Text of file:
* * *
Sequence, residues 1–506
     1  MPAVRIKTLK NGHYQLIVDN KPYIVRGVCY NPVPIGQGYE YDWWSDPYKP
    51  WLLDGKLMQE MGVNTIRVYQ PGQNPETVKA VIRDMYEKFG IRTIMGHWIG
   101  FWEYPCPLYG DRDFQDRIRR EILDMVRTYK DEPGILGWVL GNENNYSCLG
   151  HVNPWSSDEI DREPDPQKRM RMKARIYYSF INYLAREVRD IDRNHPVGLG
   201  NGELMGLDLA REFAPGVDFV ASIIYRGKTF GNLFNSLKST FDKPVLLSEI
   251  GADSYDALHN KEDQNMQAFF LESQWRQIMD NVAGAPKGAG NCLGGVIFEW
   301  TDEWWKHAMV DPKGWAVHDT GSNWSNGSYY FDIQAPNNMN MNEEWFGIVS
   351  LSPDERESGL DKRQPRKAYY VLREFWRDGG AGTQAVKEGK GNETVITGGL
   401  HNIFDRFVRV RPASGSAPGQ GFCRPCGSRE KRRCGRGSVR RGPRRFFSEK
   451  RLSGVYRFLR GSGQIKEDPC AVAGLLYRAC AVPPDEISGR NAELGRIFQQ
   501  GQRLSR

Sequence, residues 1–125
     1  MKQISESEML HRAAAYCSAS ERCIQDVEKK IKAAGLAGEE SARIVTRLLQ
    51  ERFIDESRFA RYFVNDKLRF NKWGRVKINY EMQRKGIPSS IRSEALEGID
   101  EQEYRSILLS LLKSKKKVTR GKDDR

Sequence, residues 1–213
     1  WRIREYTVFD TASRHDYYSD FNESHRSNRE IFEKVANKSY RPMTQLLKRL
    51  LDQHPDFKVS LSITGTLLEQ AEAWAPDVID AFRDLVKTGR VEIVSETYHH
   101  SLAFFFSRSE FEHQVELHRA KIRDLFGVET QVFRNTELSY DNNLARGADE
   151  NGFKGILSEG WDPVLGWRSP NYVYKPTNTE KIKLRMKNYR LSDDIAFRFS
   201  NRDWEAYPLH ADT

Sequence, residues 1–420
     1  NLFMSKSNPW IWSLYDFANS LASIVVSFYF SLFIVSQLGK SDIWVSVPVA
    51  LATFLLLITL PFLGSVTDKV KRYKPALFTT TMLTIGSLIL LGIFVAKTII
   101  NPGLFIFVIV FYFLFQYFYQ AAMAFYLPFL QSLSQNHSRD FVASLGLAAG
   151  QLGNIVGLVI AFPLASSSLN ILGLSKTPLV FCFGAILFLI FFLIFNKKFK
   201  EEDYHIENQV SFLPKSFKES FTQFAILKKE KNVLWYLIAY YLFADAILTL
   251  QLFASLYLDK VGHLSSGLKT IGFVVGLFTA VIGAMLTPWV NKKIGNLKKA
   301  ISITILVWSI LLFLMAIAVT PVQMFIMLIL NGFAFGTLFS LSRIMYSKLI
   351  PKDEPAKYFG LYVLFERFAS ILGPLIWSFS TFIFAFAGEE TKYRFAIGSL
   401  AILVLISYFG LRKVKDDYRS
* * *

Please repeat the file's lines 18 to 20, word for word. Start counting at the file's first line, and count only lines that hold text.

     1  WRIREYTVFD TASRHDYYSD FNESHRSNRE IFEKVANKSY RPMTQLLKRL
    51  LDQHPDFKVS LSITGTLLEQ AEAWAPDVID AFRDLVKTGR VEIVSETYHH
   101  SLAFFFSRSE FEHQVELHRA KIRDLFGVET QVFRNTELSY DNNLARGADE